As dawn broke over the Rocky Mountains on Nov. 15, more than 150 ROTC members stood at attention in the shadow of the University of Colorado’s Folsom Field, preparing for their day. By the the time the sun breached the mountains, the cadets were seated in a classroom pondering questions about gambling.
A five-question survey that explored what a person knew about gambling — for example, whether slot machines, scratch tickets, bingo, 50/50 raffles, or watching an NBA game are considered gambling — was the first step in a new program through Kindbridge Research Institute to educate ROTC students about gambling addiction.
Dave Yeager, retired from the Army and recovering from gambling addiction, opened the session by asking, “What are common kinds of gambling?” The first answer offered was sports betting, followed by bingo, slots, blackjack, poker, and roulette.
Yeager then added scratch-off lottery tickets, the stock market, and gaming to the list. And while it might seem like video games are a far cry from gambling, Yeager pointed out that the “loot boxes” needed to get to the next level of a game make it exactly that.
The proliferation of legal sports betting across the U.S. since the Supreme Court overturned the Professional and Amateur Sports Protection Act in 2018, has brought with it plenty of collateral, from creating new jobs and cutting-edge technology to an increase in the number of those addicted to gambling. Through the Kindbridge Research Institute’s first-of-its-kind seminars, Yeager and problem and responsible gambling expert Brianne Doura-Schawohl are aiming to educate the next generation of military leaders so they can identify potential unhealthy behaviors and enjoy this form of entertainment without risk.
Susan Sheridan Tucker, the National Council on Problem Gambling’s board president, called sports betting an ironic “silver lining” that has shone a light on gambling addiction and created an opportunity for states to fund better responsible and problem gambling initiatives. Colorado, which prior to the legalization of sports betting had little to no funding for problem gambling, is among the states that have added millions of dollars to fund initiatives.
The seminar was meant to give future leaders the tools to identify potential problem gambling behavior and ways to head it off. Yeager explained that those in the military may be particularly vulnerable to addiction due to loneliness, the high-stress environment, low pay for enlisted persons, the “warrior ethos,” and the mission-first focus of the Armed Services, among other reasons.
Gambling can increase serotonin and dopamine levels in the body. Serotonin affects everything from mood to sleep to digestion, while dopamine affects how humans feel pleasure. Hence, boosting levels of either or both, whether through drugs, alcohol, or gambling, can make a person feel happier or higher, he said.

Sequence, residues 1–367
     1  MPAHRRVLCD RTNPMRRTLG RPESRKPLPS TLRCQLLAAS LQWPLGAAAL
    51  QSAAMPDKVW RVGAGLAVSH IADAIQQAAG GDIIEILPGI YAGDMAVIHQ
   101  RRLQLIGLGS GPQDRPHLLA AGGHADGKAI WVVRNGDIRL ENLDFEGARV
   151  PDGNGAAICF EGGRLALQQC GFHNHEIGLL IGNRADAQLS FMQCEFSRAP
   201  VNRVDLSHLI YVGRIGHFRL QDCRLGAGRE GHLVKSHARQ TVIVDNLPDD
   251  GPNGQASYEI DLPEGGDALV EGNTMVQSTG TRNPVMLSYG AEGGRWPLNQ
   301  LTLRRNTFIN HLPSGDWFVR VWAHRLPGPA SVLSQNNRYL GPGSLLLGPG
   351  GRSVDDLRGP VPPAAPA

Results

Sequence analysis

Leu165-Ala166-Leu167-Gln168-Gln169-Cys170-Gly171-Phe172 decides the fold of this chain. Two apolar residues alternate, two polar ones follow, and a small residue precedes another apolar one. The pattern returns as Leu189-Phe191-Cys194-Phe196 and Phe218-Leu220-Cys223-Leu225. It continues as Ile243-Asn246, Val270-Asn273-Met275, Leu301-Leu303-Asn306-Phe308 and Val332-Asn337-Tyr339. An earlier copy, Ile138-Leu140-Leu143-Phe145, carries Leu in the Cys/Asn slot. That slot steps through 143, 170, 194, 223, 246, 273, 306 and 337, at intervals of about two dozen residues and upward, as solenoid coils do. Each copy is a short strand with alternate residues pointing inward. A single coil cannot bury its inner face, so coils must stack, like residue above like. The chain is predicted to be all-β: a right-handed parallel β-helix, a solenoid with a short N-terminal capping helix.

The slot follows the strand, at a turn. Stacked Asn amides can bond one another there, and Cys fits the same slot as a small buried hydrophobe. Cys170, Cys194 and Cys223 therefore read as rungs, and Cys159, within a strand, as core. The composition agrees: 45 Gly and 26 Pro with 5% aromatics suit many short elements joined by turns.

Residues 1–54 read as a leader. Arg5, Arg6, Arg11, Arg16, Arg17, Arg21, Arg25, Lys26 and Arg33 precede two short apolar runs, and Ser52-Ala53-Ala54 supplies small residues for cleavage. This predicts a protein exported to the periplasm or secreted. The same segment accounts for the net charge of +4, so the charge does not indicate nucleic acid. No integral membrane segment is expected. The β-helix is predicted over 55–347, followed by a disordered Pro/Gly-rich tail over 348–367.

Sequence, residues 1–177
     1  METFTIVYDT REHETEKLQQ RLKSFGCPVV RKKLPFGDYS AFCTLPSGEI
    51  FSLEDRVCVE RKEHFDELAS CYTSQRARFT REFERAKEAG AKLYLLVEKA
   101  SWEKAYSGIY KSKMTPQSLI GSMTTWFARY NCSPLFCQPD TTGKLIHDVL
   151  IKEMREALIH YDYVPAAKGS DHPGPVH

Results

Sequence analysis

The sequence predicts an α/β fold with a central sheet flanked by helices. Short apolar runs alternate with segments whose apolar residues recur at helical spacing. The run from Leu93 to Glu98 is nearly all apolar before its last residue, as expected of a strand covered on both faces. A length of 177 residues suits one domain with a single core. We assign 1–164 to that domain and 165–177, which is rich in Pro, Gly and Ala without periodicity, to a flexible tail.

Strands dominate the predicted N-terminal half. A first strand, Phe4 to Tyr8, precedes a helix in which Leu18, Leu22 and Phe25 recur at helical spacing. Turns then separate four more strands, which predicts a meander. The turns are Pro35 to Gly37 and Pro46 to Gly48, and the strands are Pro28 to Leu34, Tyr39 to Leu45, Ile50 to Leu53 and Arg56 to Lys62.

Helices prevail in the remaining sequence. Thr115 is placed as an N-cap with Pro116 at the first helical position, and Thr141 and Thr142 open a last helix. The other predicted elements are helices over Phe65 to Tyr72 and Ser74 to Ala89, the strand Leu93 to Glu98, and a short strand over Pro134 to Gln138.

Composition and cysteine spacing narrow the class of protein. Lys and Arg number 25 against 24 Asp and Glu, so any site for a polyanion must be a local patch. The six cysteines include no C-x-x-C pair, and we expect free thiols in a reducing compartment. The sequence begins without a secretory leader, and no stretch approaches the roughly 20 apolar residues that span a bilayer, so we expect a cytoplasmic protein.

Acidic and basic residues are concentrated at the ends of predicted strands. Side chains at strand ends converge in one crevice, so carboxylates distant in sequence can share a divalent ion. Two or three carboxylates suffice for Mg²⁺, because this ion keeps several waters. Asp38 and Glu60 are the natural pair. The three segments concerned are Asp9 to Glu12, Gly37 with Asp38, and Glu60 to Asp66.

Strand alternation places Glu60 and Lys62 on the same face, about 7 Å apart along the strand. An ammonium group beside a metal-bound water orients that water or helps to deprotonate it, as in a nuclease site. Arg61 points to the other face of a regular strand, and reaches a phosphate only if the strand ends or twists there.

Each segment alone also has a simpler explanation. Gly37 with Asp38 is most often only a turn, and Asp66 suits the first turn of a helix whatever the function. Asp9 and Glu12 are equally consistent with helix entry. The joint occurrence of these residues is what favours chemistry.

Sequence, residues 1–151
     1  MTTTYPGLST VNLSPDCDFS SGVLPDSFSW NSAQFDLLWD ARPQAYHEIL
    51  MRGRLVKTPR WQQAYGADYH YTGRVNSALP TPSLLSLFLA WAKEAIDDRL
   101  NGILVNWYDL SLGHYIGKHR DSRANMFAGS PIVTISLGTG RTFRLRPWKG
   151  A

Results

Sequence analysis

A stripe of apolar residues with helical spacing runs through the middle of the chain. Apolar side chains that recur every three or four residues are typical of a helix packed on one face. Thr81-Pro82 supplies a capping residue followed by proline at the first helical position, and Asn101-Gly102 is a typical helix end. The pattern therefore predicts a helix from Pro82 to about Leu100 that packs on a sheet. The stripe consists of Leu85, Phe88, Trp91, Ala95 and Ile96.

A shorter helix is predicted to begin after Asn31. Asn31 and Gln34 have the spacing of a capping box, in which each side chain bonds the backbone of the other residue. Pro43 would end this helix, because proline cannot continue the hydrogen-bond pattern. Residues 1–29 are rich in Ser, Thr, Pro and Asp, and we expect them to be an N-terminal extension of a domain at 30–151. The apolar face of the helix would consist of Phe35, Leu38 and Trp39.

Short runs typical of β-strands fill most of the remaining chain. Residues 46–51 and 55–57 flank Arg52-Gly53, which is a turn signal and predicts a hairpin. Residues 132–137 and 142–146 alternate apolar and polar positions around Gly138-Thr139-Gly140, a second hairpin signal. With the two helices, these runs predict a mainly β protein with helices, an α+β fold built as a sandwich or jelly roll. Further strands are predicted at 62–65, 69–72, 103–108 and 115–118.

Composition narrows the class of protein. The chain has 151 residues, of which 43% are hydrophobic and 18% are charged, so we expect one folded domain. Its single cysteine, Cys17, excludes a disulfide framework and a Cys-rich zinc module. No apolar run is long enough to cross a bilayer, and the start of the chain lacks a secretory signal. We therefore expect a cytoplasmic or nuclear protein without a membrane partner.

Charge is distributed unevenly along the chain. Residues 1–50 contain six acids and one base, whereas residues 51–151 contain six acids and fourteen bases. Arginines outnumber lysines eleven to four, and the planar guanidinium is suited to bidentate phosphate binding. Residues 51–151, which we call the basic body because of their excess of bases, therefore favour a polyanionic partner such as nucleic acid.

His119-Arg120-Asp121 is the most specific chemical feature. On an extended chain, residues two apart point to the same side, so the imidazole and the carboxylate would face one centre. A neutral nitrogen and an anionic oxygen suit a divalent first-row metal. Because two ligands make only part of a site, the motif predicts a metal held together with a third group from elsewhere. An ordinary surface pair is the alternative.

“It’s called the hidden addiction because you can’t see it, you can’t smell it,” said Doura-Schawohl, who lobbies in statehouses and Congress for responsible and problem gambling funding. “In our culture, this is considered the most embarrassing addiction.”
Yeager shared some of his story about how he got addicted to gambling playing slot machines that are available at some U.S. military bases abroad. His addiction ultimately cost him his Army career, his first marriage, and multiple jobs — and drove him to attempt suicide more than once.
But last week, he was standing before this group of prospective military leaders, sharing his story.
“Being addicted to gambling can feel like there are two different people living in the same body,” he said. “One is living an obsession. One is living a normal life. Every day, I was going to a slot room to play. I was driven to do this. It doesn’t mean that these people don’t have morals or values.”
Role-playing reveals potential pathway for help
Doura-Schawohl said that there are more than 3,000 slot machines on American military bases outside of the U.S., and that the military “makes $100 million off people like you.” The slot rooms on bases, according to Yeager, are available to anyone with access to the base, including military spouses and civilian employees.
As part of the training session, Yeager asked one of his pupils to portray an addicted gambler who had borrowed money from a friend, while another played the role of a concerned friend. The exercise was designed to be argumentative, a little confusing, and educational.
Many students got into the activity with raised voices and plenty of hand gestures. When it was over, Yeager asked if anyone found it “difficult or uncomfortable,” and the room filled with murmured “yeses.”
Discomfort aside, Yeager said, talking or leaving the door open for someone with a gambling addiction to ask for help is critical.
“Let the person know you know there is something going on,” Yeager told the class. “Ask, ‘Is everything ok?’ If they are ready to talk, they’ll start talking. Most of the time they won’t, but you are planting a seed. … That uncomfortable conversation that you don’t want to have is the most important thing you can do.”